Announcing Stack Overflow Documentation

We started with Q&A. Technical documentation is next, and we need your help.

Whether you're a beginner or an experienced developer, you can contribute.

Sign up and start helping → Learn more about Documentation →

As of HTML5, the widely used and recommended action="" is invalid HTML.

From the specs:

The action and formaction content attributes, if specified, must have a value that is a valid URL.

So what is the correct way to have the action attribute point to the current page?

I am currently using

action="<php htmlspecialchars($_SERVER["REQUEST_URI"]); ?>"
share|improve this question
As far as I can see it's valid ... w3.org/TR/2009/WD-html5-20090825/forms.html#attr-fs-action – KingCrunch Oct 1 '12 at 19:49
where did you see it's invalid anyway? – Zoltan Toth Oct 1 '12 at 19:52
Do you mean that the attribute being empty is invalid? – Madara Uchiha Oct 1 '12 at 19:57
@MadaraUchiha Yes. Atleast that's what the W3 Validator says. – Zulakis Oct 1 '12 at 20:02
up vote 1 down vote accepted

It's true that the action= attribute may not be empty, as an empty string is not a valid URL. However, it is valid to simply leave it out, and let the browser figure it out.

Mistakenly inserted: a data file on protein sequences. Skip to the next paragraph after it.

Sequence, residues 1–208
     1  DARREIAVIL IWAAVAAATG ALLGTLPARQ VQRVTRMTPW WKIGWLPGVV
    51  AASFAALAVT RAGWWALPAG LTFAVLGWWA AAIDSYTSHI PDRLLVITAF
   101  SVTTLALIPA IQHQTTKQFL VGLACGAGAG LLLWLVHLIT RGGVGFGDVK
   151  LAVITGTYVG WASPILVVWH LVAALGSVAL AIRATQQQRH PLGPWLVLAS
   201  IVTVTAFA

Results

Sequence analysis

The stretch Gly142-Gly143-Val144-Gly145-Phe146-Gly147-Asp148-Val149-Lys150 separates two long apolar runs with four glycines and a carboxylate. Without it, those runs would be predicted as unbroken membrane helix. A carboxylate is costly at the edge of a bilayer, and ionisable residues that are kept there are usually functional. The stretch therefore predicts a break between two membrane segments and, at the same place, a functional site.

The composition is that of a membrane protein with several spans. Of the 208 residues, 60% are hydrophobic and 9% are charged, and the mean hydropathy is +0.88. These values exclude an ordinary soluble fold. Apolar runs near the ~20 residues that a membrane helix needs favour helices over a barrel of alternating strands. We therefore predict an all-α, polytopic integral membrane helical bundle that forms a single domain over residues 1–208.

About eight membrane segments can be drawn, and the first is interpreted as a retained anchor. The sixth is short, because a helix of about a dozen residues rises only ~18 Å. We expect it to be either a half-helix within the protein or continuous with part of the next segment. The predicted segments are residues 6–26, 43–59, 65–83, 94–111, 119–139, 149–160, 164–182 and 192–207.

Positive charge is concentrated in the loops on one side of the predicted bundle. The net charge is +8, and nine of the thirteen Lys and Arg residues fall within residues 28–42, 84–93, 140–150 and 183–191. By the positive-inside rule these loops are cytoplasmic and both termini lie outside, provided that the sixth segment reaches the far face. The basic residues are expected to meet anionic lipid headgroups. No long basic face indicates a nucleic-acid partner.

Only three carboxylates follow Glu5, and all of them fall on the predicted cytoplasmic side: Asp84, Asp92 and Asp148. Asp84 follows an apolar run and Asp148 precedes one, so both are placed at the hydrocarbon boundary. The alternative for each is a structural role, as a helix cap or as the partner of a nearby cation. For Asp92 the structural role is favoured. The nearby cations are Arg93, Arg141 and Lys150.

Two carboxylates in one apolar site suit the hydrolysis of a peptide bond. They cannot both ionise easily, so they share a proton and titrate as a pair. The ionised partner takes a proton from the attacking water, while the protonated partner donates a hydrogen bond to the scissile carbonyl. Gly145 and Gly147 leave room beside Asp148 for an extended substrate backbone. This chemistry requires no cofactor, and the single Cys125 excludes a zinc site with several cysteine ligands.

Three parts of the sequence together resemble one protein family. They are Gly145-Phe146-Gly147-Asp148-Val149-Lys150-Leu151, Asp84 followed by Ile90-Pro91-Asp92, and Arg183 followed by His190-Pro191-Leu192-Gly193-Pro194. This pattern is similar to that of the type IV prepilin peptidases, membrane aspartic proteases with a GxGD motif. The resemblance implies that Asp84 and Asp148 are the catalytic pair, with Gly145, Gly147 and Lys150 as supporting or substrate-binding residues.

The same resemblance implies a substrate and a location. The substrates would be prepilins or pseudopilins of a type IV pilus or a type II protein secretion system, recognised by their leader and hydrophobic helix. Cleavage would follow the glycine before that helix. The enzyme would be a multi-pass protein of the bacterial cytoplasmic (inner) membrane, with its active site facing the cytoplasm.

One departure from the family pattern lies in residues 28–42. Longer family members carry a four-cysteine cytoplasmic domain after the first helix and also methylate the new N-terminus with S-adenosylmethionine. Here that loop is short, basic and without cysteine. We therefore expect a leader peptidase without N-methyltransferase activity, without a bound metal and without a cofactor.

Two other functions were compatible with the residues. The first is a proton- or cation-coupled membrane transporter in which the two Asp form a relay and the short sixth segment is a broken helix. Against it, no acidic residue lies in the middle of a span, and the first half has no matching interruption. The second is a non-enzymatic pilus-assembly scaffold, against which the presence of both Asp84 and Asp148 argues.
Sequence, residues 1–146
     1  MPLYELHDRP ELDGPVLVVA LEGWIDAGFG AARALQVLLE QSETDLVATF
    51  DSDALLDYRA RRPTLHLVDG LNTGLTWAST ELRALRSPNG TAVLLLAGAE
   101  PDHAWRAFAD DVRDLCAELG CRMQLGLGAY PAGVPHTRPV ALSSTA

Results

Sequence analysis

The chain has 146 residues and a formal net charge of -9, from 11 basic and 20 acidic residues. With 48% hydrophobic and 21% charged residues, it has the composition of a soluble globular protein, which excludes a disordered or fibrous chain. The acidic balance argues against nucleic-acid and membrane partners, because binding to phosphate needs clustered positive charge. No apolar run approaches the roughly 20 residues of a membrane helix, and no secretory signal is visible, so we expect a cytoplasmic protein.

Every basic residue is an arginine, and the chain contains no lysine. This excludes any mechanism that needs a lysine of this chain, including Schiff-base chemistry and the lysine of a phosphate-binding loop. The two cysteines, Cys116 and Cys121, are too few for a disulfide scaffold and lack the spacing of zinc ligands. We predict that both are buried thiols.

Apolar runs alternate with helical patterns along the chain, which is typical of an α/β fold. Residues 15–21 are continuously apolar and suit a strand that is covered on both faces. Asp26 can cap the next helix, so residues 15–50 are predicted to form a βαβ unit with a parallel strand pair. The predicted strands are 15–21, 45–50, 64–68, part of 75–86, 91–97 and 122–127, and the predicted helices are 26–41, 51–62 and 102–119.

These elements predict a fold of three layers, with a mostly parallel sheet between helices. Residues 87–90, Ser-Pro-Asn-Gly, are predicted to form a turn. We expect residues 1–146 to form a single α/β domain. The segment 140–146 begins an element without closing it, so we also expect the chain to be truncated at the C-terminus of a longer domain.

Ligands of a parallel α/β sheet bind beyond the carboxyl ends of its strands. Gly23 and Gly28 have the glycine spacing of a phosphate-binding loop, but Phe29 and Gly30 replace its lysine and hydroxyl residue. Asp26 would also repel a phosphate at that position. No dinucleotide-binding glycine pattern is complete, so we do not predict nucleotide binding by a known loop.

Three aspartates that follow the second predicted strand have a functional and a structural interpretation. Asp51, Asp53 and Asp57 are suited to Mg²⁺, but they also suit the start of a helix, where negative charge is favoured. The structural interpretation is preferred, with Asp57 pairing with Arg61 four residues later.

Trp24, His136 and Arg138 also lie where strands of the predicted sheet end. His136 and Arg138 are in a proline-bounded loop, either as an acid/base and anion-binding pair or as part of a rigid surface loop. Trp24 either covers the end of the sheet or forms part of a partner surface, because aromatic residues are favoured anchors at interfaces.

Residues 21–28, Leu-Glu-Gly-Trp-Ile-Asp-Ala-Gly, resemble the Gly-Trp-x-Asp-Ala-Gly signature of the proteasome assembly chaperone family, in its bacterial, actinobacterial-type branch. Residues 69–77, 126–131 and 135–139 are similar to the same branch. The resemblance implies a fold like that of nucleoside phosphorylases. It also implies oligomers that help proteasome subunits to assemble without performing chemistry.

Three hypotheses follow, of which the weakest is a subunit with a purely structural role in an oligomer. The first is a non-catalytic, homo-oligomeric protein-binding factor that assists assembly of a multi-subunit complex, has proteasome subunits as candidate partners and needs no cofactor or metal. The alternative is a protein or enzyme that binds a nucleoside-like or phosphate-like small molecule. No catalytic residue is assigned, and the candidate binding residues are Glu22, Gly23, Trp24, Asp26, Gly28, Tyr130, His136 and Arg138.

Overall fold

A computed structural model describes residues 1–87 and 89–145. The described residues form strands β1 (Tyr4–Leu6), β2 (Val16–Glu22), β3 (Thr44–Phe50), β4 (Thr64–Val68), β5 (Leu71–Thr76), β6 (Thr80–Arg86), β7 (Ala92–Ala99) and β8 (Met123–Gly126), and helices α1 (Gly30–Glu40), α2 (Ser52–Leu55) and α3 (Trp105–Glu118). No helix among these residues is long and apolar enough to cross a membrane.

The browser will assume the current page.

share|improve this answer
w3Schools says it's "no longer necessary": w3schools.com/html5/att_form_action.asp Not sure how accurate that is. – Mansfield Oct 1 '12 at 19:55
@Mansfield: w3schools is a wrong and misleading site. You shouldn't use it as reference for any sort of language. For PHP, there's the PHP Manual, for JavaScript, there's Mozilla Developer Network (or MDN). See w3fools.com to further understand why you should never use w3schools. – Madara Uchiha Oct 1 '12 at 19:56
Interesting. I never took it as an official source, but I never knew any of that. Thanks for the heads up! – Mansfield Oct 1 '12 at 20:00

No, in HTML5, the action attribute may be omitted, and it defaults to the emoty string, which means a reference to the current document.

share|improve this answer

You can set value to '.' or do not set action attribute at all.

<form method="post">
<form method="post" action=".">

(I was surprise but it is really invalid to leave it blank, at least validator.w3.org is returning error).

share|improve this answer

Your Answer


By posting your answer, you agree to the privacy policy and terms of service.

Not the answer you're looking for? Browse other questions tagged or ask your own question.